Paper, ink and toner are all commodities in decline, nothing new there. But a year ago, there was hope in the imaging supplies sector, with some companies posting fairly healthy growth. What happened?
It’s more a case of what didn’t happen, says John Shane, Director of the Communication Supplies Consulting Service at InfoTrends.
"The supplies market is basically flat, perhaps slightly declining," he explains.
"A year ago, there was more growth in the market but that bit of recovery from the recession has dried up now. Short-term, there was the expectation that the Western economies were on a rebound. That didn’t really come about in Europe, and in the US it was muted. Also, as people got back into work, there was the hope for more print – it didn’t happen either.
"Now the longer-term impacts such as MPS, mobility (which impacts print volume) and cloud applications are taking a stronger hold and counteract any short-term positives. That said, we’re not standing on the edge of a cliff, it’s just a slow decline, stemmed by the fact that regions like Latin America, Asia and Russia are still growing."
From a distribution point of view, that’s a bleak outlook, particularly if supplies are your core business. Niek von Reth, Marketing and E-commerce Manager at Alpha International, says: “We believe the European imaging supplies market will decline by more than 10% in the years to come. But for our business and logistics model growth is crucial and we are capable of more volume without incurring additional cost or making concessions on quality and stability. At the moment we have a market share of 10% in Europe, so to keep on growing we have to find business elsewhere. Our current growth is with the small and medium-sized businesses.”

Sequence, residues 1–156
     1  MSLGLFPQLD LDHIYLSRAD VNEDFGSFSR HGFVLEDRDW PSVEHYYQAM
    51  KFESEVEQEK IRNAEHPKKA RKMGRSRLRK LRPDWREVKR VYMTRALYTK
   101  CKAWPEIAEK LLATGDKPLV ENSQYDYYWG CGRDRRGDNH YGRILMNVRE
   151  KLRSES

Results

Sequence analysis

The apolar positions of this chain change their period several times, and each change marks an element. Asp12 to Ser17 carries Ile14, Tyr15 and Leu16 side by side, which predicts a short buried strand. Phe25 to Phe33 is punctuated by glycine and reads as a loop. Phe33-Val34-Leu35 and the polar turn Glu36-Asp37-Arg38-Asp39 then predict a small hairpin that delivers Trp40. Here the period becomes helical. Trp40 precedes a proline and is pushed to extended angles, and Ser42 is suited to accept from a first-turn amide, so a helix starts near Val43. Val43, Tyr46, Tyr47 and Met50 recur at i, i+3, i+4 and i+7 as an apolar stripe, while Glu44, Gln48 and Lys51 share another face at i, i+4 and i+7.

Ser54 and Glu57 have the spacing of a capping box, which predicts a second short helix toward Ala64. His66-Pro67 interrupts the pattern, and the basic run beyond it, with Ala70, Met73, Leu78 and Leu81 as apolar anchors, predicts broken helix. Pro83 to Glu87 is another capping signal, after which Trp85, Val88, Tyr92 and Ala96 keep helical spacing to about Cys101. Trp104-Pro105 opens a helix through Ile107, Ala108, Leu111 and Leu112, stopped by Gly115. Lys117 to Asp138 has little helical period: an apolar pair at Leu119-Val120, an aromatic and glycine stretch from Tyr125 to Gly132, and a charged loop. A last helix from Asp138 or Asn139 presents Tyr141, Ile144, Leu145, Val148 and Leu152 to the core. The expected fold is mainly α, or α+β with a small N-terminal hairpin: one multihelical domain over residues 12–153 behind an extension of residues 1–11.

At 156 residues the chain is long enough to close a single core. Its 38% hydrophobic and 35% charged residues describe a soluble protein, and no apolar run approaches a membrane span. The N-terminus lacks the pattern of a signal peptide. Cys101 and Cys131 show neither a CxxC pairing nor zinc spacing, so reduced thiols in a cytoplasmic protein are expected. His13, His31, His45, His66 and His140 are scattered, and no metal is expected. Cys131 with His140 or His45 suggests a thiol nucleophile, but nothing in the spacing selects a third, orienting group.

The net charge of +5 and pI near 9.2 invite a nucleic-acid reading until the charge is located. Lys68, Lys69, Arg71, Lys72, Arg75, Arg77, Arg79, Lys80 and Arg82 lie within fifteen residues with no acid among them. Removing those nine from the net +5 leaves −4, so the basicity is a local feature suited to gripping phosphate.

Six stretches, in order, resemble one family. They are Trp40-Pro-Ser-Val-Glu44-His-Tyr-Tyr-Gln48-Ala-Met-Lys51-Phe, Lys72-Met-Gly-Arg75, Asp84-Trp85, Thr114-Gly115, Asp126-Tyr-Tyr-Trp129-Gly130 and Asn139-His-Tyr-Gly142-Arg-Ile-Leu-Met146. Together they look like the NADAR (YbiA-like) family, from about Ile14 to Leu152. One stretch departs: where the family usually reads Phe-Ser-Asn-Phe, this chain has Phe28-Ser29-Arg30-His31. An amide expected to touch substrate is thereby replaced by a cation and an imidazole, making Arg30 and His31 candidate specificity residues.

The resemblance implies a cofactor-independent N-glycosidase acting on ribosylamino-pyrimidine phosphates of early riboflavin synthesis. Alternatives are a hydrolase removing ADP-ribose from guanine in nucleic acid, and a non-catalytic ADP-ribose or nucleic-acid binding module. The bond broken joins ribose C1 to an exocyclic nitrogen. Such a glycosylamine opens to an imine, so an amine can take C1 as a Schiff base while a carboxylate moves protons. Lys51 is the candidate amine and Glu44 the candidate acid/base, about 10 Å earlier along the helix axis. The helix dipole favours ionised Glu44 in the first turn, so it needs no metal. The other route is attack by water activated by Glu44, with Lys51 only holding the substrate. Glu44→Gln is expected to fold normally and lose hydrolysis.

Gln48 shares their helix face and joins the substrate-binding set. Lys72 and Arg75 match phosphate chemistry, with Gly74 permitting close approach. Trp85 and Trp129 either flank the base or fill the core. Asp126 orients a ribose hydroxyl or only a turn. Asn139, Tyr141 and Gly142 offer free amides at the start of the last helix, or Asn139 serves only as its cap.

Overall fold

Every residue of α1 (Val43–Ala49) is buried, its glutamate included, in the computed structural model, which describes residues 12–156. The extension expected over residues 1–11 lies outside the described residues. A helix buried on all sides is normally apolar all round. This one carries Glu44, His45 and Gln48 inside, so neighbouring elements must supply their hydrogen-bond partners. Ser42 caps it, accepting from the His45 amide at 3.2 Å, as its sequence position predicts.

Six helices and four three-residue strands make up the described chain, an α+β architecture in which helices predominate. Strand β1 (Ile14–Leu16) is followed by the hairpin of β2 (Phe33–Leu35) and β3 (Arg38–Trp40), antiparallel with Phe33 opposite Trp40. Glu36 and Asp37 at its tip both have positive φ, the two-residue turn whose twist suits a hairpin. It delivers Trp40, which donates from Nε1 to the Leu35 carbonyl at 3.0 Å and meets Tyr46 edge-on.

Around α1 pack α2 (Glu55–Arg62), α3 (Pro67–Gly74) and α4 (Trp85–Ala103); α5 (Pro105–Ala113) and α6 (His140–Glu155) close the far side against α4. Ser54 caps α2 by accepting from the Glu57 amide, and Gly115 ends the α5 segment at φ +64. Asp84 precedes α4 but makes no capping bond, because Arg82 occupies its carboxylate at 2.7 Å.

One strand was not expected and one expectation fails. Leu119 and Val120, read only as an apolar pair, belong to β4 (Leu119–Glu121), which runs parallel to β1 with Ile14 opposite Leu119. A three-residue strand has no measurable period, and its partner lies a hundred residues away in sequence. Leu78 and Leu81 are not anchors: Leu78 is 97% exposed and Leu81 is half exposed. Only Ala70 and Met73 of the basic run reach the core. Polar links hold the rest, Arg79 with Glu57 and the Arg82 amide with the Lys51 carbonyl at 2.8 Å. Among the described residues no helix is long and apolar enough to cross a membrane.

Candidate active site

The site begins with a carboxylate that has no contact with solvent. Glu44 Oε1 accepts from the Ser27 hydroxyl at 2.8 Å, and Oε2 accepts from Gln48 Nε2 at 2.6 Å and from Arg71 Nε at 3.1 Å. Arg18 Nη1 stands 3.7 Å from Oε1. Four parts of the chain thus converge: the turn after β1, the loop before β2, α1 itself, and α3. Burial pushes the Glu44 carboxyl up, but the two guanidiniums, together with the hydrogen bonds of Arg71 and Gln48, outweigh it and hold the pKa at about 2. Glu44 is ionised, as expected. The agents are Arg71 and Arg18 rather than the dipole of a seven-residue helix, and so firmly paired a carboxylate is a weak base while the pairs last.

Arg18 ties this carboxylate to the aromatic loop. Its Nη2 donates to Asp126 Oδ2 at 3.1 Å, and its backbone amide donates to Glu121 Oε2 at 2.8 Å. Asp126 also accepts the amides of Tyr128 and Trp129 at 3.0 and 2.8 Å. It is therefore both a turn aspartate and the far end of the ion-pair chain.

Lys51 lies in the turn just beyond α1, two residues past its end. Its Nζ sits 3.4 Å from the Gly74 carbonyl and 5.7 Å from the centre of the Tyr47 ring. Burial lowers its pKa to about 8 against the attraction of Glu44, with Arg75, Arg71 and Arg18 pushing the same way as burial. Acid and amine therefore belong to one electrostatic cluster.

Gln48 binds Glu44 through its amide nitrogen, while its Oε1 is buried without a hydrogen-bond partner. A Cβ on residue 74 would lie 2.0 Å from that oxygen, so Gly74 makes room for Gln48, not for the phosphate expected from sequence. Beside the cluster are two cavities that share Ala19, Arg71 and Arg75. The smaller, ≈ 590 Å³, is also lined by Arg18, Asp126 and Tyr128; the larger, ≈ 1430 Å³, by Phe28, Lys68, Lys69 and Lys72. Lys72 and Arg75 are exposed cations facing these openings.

Like Alpha, US-based Supplies Network – though distributing both OEM and aftermarket supplies – is at the mercy of the OEMs and their moves. Monte White, VP of Product Marketing, describes the effect that reduced printing has had on its OEM partners: “There have been price increases from almost every OEM over the past year and in some cases, more than one increase. Also, as business has softened, OEMs are more concerned about market share and are taking more aggressive approaches to defend and win back business.”
And while the aftermarket continues to gain share as end-users look to lower costs and resellers are seeking higher margin product to offset declining margin trends, that’s not to say the aftermarket has had an easy ride. Anything but, according to Cornelis Alderlieste, Marketing Manager EMEA at Katun. “The OEMs are becoming more and more aggressive from a pricing perspective, which makes the price proposition for the aftermarket more challenging,” he says. “However, customers are looking for cheaper solutions which make aftermarket parties an even more viable option versus the OEMs.”
Year of litigation
It’s undoubtedly been a turbulent year for both the OEMs and the aftermarket. The large OEMs in particular have been – and still are – looking very closely at their complex multi-layered business units and cut the fat, often radically so, with Hewlett-Packard perhaps the most noteworthy example. Lexmark and Kodak, meanwhile, have announced their departure from the consumer inkjet space. At the same time, they’ve all had to keep a beady eye on patent infringements, with lawsuits being filed left, right and centre against those suspected of not toeing the line.